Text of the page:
The period after the opening of an exhibition is a strange time for the artist, and this year it was heightened for me because of my journey into the world of performance art. Usually once the artist’s piece is up in the gallery, pre-exhibition, his/her work is complete. However, even after my performance at the opening of the exhibition, my piece was still not completed. There was the documentation of this performance to deal with, so that it could be included in my installation. Despite, as one of my mentors put it,feeling like a “sordid whore”, and as much as I wanted distance myself from the discomfort and the violation of the experience, I had to work on the video of my performance while the same experience was fresh, and edit it with an audience in mind. So despite how exposed and vulnerable I felt, this is what I had to do, and despite desperately wanting to leave the piece at rest. Art is/should always be experimental but is always a process: despite the completed pieces inhabiting the space of a gallery, it is the creative process/journey that really counts, both for artist and audience.
As an artist, post-exhibition depression is something you have to learn how to live with but you never quite get used to. The pressures of working under intense deadlines to complete very personal projects create within the artist the oddest miasma of conflicting forces of joyful euphoria and unbearable stress, hope and fear, purpose and uncertainty. It is something very few people, sadly, have the opportunity of experiencing very often: living with the intense purpose of attaining a meaningful goal. Effectively, as students, we have been living with this steadily increasing pressure and the accompanying adrenalin rush for an entire year! Add to that, if you are a parttime student with a fulltime job, the fact that your time to create is extremely limited. Finally you attain your goal, often in the most miraculous manner, and there is this moment of absolute euphoria (too often way, way too brief!). Then: emptiness, loss, and if your work has been criticized, anger and hurt. Depression sets in. This is, of course, exacerbated by the fact that you are exhausted and worn-out (artists often pick-up the flu during this period), and funnily enough now you have too much time on your hands!!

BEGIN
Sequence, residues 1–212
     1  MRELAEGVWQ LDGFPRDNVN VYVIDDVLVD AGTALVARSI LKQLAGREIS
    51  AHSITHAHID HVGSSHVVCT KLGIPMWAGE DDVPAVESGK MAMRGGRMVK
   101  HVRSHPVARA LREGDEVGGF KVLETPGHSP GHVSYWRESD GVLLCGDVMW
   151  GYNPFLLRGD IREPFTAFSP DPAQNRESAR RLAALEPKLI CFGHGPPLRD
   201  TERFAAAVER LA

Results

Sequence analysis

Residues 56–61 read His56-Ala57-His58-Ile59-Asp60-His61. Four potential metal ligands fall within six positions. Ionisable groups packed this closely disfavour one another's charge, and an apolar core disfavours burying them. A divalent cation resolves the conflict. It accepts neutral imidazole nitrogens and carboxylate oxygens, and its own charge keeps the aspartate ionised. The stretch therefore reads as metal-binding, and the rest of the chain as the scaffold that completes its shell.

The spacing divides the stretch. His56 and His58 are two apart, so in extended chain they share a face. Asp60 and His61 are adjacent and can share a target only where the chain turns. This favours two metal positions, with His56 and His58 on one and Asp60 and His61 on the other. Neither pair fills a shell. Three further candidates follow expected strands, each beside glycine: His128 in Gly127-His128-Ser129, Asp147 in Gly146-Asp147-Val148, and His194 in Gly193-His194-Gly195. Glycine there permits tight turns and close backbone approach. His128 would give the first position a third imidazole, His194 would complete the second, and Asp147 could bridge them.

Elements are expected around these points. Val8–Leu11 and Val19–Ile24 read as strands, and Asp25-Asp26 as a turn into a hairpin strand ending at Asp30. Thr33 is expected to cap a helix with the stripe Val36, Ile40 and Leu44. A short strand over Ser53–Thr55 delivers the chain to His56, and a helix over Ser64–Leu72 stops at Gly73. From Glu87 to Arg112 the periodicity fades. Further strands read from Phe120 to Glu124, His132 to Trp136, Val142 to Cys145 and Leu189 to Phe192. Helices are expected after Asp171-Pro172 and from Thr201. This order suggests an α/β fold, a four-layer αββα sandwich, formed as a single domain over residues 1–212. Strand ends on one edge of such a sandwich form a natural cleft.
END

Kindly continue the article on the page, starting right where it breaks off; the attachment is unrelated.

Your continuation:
This is quite normal, and as an artist, one needs to get used to it or choose to do something else. There are, however ways to counter-act this emotional bleakness that follows an exhibition and get yourself back into creative mode and moving forward with your life as an artist:
1. REST. Take the time to recover and get over the intensity of the project you have just completed. You deserve it and your body and mind require it.
2. Define a time period for this rest. This will, firstly, help you maintain direction while resting. You are defining parameters to your rest period. Secondly, this enables you to relax guilt-free and prevents apathy and laziness from creeping in.
3. Reconnect with your family and friends and the simple pleasures of life. This is important as they would have, no doubt, been neglected in the past year.
4. Do all the little everyday admin / housekeeping chores that have also been neglected. It will feel good to clear your to-do list and slowly start working again.
(then slowly begin to ease yourself back into your creative mode)
5. Write down your reflections of the past months experiences. What you learned, how the experience felt, ideas for potential works that came to you during those intense moments of the creative high. It is kind of like a debriefing if you will and will help you with achieving closure and enable you to move forward freely.